Rose Hulse, CEO and founder of Screen Hits TV, married into the British aristocracy in 2017, a year before the Royal Wedding of Prince Harry and Meghan Markle. The ceremony took place at St. George’s Church in London’s Hanover Square where she married George Hulse, the grandson of a baronet.
Rose, an African-American like Meghan, understood what was in store for Meghan — huge responsibility and the pressure of being the first woman of colour to marry into the Royal Family added to the challenges of adapting to the new world of Monarchy shaped by etiquette, centuries-old traditions and unspoken rules.
As per Daily Mail, Rose shares how honoured she felt after an African descent is being provided with one of the largest platforms in the world. She thought “Meghan would have a voice to reach every person on this planet and that they would listen and over time would incite change and influence policy.” Rose thinks it was a powerful thing that an African-American could be a voice for all people of colour and educate people.
During Meghan’s interview with Oprah last week, Meghan revealed she felt suicidal, faced racism and claimed an unnamed member of the Royal Family asked Prince Harry how ‘dark’ their future child might be.
The interview dropped like a nuclear bomb when Meghan, pregnant with her second child, laid the reasons the couple left behind their royal life.
Rose claims she felt sad for Prince Harry, Meghan, the Royal Family and the British people as everyone’s hopes and dreams for them came crashing down. She wrote while talking about what went wrong with Harry and Meghan.
She writes how growing up she heard that the Royal Family and the institution was racist and that “no royal would ever allow their bloodline to be muddied” but felt it was proven wrong with Harry and Meghan’s marriage.
She points out how the entire Royal Family came out in support and Prince Charles even walked Meghan down the aisle.
“Not only was she unequivocally supported by people of colour, but by so many others as well. You could see this by the love shown from everyone who came out to support her and Harry on their tours of the UK, Commonwealth and South Africa.”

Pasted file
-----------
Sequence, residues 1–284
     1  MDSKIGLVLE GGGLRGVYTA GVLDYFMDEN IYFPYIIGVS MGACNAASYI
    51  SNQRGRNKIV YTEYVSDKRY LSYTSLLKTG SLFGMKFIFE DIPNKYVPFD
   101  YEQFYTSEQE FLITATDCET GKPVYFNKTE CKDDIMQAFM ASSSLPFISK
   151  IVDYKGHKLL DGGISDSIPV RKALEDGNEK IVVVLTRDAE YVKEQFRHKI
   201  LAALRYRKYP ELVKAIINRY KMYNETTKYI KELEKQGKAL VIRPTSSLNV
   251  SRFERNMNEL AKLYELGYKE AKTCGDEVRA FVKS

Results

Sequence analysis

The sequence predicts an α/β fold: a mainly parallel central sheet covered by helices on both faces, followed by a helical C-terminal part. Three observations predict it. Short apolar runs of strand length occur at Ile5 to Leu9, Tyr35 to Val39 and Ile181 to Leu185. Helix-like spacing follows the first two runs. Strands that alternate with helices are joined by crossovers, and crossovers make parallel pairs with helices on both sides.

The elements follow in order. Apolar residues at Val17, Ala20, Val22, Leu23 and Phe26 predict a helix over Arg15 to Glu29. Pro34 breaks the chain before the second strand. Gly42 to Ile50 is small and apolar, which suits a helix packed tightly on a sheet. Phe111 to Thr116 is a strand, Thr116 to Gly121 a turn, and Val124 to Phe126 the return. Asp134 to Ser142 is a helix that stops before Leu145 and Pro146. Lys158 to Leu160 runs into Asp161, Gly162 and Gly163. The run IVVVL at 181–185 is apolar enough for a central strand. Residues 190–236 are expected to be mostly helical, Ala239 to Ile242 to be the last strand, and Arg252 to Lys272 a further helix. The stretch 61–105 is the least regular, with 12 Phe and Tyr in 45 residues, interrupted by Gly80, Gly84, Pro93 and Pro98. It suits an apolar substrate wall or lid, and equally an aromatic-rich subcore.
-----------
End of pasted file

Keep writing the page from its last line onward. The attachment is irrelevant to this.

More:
“Yes, there may have been naysayers and haters, but there was also a huge amount of love shown towards them. They were so very popular.”
Rose, as a fellow African-American, says she would have suggested Meghan ease the transition and “understand the structure in which the Royal Family operates in and to do your best not to take anything personally.”
Rose continues saying she would have “encouraged her to understand the sensitivities around primogeniture, second sons, service and duty and to seriously consider all she would be giving up for love.”
She added that Meghan’s heritage comes with great responsibility, followed by anger, jealousy and people trying to push her to fail to prove that everyone’s concerns were correct but Meghan should always be one step ahead to rise above all challenges and represent with dignity to prove wrong everyone who thought she wasn’t suited for this role and position.
Rose adds Meghan should have found a confidant inside the family that she could trust and talked to if things become difficult and set aside her political voice, her opinions and life she previously knew to serve the Queen with humility, dignity and duty.
She believes that Meghan took the right decision to step back as she suffered mental health issues and had suicidal thoughts. She adds that Meghan has a platform as her words are very powerful and she needs to use them wisely for they “can unite or create a great divide.”